Peak Random Read Performance

For client/consumer SSDs we primarily focus on low queue depth performance for its relevance to interactive workloads. Server workloads are often intense enough to keep a pile of drives busy, so the maximum attainable throughput of enterprise SSDs is actually important. But it usually isn't a good idea to focus solely on throughput while ignoring latency, because somewhere down the line there's always an end user waiting for the server to respond.

In order to characterize the maximum throughput an SSD can reach, we need to test at a range of queue depths. Different drives will reach their full speed at different queue depths, and increasing the queue depth beyond that saturation point may be slightly detrimental to throughput, and will drastically and unnecessarily increase latency. Because of that, we are not going to compare drives at a single fixed queue depth. Instead, each drive was tested at a range of queue depths up to the excessively high QD 512. For each drive, the queue depth with the highest performance was identified. Rather than report that value, we're reporting the throughput, latency, and power efficiency for the lowest queue depth that provides at least 95% of the highest obtainable performance. This often yields much more reasonable latency numbers, and is representative of how a reasonable operating system's IO scheduler should behave. (Our tests have to be run with any such scheduler disabled, or we would not get the queue depths we ask for.)

One extra complication is the choice of how to generate a specified queue depth with software. A single thread can issue multiple I/O requests using asynchronous APIs, but this runs into at several problems: if each system call issues one read or write command, then context switch overhead becomes the bottleneck long before a high-end NVMe SSD's abilities are fully taxed. Alternatively, if many operations are batched together for each system call, then the real queue depth will vary significantly and it is harder to get an accurate picture of drive latency. Finally, the current Linux asynchronous IO APIs only work in a narrow range of scenarios. There is a new general-purpose async IO interface that will enable drastically lower overhead, but until that is adopted by applications other than our benchmarking tools, we're sticking with testing through the synchronous IO system calls that almost all Linux software uses. This means that we test at higher queue depths by using multiple threads, each issuing one read or write request at a time.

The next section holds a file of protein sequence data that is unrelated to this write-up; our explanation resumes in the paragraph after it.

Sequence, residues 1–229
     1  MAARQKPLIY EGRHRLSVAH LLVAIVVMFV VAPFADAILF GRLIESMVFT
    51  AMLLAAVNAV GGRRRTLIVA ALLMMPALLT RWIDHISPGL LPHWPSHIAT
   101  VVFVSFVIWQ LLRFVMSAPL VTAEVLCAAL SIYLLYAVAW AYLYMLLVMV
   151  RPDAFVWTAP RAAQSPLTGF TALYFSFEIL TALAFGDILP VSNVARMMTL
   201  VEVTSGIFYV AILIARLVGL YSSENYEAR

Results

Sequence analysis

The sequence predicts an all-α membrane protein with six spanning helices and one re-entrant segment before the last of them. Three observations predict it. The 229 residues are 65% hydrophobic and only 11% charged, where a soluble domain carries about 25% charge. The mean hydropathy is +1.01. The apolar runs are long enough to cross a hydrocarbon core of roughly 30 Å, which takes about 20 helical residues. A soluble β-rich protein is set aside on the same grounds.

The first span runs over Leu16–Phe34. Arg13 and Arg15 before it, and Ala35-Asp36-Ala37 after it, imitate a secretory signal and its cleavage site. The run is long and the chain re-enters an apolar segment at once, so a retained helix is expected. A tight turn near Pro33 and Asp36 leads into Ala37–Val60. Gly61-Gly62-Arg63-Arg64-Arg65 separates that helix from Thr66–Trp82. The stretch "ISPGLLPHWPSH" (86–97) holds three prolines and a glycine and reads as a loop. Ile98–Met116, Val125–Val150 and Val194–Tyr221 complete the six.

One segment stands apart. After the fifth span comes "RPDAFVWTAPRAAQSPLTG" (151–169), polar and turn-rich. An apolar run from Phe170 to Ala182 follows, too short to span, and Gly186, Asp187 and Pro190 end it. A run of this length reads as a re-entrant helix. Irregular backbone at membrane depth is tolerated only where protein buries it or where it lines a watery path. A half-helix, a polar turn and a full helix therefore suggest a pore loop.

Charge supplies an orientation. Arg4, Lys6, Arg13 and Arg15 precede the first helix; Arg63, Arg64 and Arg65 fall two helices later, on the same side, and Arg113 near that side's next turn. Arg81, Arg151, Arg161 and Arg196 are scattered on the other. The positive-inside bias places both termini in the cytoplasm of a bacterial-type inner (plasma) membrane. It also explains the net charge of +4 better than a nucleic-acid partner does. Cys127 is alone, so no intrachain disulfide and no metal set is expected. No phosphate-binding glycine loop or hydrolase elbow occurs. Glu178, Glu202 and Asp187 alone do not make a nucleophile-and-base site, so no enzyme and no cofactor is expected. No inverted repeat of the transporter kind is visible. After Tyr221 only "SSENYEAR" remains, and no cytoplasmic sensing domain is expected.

Using multiple threads to perform IO gets around the limits of single-core software overhead, and brings an extra advantage for NVMe SSDs: the use of multiple queues per drive. Enterprise NVMe drives typically support at least 32 separate IO queues, so we can have 32 threads on separate cores independently issuing IO without any need for synchronization or locking between threads.

4kB Random Read

4kB Random Read (Power Efficiency)
Power Efficiency in kIOPS/W Average Power in W

Now that we're looking at high queue depths, the SATA link becomes the bottleneck and performance equalizer. The Kingston DC500s and the Samsung SATA drives differ primarily in power efficiency, where Samsung again has a big advantage.

4kB Random Read QoS

The Kingston DC500s have slightly worse QoS for random reads compared to the Samsung SATA drives. The Samsung entry-level NVMe drive has even higher tail latencies, but that's because it needs a queue depth four times higher than the SATA drives in order to reach its full speed, and that's getting close to hitting bottlenecks on the host CPU.

Peak Sequential Read Performance